Miss Agnes is back

Miss Agnes and the Ginger Tom by Kirkpatrick Hill

About eleven years ago, I fell in love with Miss Agnes. Kirkpatrick Hill’s The Year of Miss Agnes is one of my first-weeks-of-school read-aloud books. Miss Agnes’s loving but no-nonsense teaching methods inspire me every time I read it, which is just about every year. Now, more than a decade since that book was published, […]

Mash-up, indeed.

mega mash-up 1

In a sort of coloring book meets Diary of a Wimpy Kid meets Choose Your Own Adventure, Nosy Crow’s new Mega Mash-Up series by Nikalas Catlaw and Tim Wesson (December) combines marginally true information about, say, Roman gladiators, with dinosaurs (or, in another volume, aliens vs. mad scientists and—well, you get the idea) into an […]

Two weeks and counting…

hunger games illustrated companion

Now that March has finally arrived, we’re officially in the “T-minus” phase for The Hunger Games movie adaptation, hitting theaters on March 23. In anticipation, I’ve been perusing several pieces of fine literature, to wit: The Hunger Games: The Official Illustrated Movie Companion (Scholastic, February), Stars in the Arena: Meet the Hotties of The Hunger […]

Down on the farm

farm anatomy

As an urban twenty-something with a CSA farm share, a crush on Michael Pollan, and the occasional yearning to dangle tomato plants from my third-story apartment windows, I think a bit too much about where my food comes from. I often wonder how much of my insanity I will impart upon my future offspring. Will […]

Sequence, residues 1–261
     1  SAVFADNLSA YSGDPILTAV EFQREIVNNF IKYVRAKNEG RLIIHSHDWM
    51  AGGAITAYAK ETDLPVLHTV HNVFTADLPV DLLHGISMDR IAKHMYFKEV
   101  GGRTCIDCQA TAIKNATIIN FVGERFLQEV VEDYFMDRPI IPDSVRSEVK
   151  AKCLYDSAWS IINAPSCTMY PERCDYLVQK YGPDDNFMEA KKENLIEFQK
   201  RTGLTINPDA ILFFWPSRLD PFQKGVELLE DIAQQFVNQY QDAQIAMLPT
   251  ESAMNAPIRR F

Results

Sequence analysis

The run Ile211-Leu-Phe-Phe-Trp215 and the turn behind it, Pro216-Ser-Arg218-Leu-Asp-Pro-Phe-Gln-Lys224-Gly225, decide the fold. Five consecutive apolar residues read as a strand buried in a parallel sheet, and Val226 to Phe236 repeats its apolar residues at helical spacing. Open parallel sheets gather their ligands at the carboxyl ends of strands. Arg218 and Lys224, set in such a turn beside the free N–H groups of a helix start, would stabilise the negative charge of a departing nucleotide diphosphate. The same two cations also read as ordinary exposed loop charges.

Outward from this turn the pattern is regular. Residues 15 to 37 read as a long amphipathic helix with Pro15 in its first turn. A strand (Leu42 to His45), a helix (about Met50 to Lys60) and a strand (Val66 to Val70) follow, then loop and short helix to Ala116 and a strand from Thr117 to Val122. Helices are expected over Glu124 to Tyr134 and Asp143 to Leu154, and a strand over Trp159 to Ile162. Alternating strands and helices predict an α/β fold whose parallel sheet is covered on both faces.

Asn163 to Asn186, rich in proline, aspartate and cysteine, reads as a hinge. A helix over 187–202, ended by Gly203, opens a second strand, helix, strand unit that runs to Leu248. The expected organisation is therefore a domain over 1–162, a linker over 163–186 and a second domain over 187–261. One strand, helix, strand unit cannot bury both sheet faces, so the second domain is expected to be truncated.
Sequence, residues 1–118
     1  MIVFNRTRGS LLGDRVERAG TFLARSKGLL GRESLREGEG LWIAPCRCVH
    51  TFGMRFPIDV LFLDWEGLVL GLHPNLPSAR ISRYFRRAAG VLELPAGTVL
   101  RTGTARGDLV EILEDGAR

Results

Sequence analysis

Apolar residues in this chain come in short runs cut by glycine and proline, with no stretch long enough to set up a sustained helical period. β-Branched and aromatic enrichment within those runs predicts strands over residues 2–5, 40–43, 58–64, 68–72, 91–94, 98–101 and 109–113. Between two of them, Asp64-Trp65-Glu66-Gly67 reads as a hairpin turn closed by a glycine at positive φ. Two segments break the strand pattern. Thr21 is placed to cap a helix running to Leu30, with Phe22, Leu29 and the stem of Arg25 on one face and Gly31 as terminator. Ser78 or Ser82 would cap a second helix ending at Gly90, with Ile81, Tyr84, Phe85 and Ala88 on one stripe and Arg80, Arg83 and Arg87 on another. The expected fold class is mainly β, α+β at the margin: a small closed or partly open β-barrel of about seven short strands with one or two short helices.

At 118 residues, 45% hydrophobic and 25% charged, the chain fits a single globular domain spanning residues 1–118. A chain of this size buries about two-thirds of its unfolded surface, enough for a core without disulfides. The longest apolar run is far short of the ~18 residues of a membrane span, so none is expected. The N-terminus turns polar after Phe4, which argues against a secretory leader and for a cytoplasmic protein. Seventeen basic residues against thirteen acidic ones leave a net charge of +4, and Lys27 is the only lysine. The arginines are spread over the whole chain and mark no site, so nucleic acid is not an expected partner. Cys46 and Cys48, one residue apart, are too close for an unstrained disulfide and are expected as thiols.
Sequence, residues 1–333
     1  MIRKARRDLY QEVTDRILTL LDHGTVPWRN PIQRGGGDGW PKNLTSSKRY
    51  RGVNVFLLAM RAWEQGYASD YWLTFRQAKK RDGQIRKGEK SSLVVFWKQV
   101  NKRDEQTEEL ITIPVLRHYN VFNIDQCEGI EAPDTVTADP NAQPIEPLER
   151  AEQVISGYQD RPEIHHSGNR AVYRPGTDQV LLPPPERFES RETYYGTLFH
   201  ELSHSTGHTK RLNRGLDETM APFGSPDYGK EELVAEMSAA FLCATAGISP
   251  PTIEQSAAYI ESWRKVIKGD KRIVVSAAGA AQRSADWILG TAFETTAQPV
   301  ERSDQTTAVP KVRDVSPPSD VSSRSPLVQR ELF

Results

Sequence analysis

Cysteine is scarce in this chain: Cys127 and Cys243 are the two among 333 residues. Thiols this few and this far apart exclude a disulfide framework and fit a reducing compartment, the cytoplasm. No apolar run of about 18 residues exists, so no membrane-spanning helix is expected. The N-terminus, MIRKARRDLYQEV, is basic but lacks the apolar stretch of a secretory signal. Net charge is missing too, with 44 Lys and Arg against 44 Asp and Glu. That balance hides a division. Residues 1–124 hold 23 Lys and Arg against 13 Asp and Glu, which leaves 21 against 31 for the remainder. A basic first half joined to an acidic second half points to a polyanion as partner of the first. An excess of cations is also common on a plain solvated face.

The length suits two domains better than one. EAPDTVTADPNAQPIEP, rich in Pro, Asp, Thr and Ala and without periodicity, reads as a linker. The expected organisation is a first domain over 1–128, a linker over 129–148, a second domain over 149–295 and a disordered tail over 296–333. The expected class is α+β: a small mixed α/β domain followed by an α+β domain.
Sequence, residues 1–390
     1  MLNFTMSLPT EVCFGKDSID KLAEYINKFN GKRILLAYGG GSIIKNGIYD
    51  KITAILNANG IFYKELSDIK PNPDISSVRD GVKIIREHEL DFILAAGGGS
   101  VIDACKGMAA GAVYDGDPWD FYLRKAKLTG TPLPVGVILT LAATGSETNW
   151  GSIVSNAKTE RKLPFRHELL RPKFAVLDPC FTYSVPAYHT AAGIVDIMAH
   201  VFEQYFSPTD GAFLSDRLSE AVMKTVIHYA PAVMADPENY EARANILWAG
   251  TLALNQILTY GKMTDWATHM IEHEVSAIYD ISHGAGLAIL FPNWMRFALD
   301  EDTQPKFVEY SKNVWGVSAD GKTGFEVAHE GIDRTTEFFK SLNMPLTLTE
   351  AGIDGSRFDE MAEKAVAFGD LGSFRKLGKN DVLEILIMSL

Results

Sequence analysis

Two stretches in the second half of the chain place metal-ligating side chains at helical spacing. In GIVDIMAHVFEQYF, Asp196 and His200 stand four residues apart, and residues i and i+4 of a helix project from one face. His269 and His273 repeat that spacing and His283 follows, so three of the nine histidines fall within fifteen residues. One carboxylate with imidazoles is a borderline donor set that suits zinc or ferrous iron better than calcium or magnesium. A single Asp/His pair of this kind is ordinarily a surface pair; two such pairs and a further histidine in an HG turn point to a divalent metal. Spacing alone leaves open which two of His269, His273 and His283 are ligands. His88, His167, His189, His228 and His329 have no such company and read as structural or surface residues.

The Silence of Our Friends

silence of our friends

With February over, it’s easy to switch mental gears: it’s March! Time to put the African American history books back on the shelf and pull together a women’s history display! But black history and women’s history are integral and ongoing parts of everyone’s history, and should be consistently represented in our curriculum and discourse. A […]

Story smorgasbord

YouChoose

“If you could go anywhere, where would you go?” The sky’s the limit in Nick Sharratt and Pippa Goodhart’s You Choose (Kane Miller, March), an interactive book (originally published in the U.K. in 2003) where kids call the shots in their own narrative. Sharratt’s bright and friendly cartoon illustrations invite readers into pages filled with […]

Ripperology: Saucy Jack is back

ripper petrucha

Jack the Ripper has been creeping into children’s literature recently: Gordon Korman included him in his 2011 Titanic trilogy (Scholastic). (Incorporating a Ripper mystery aboard the famed ship now marking the 100th anniversary of its sinking? That should sell a few books.) Last September saw the release of the first book in Maureen Johnson’s exciting […]

The Pocket Bible Doodle Book

pocket bible doodle book

A blurb on the back of The Pocket Bible Doodle Book (Zonderkidz/Zondervan, January) states, “The story of creation, Noah’s ark, the plagues, and more make this Bible-based collection of doodles fun for everyone.” I can’t decide if I should laugh or be offended—the plagues can be fun? Okay… As the daughter of a Lutheran pastor, […]

Those happy golden years

chigger

Raymond Bial, well-known author of nonfiction for children (Ellis Island: Coming to the Land of Liberty; Tenement: Immigrant Life on the Lower East Side; Amish Home; Frontier Home), has just published a novel, one “intended primarily for adults,” according to the promotional copy on the back of the (attractive) paperback. Set in small-town 1959 Indiana […]

“Magic most foul”?

darker still

I admit, with a subtitle like “A Novel of Magic Most Foul,” I had to resist the temptation to mock this book outright.  Thankfully, Leanna Renee Hieber’s novel Darker Still (Sourcebooks, November) offers a bit more substance than this melodramatic teaser of a subtitle. In it, Natalie Stewart, a mute Victorian-era teenager, chronicles the supernatural […]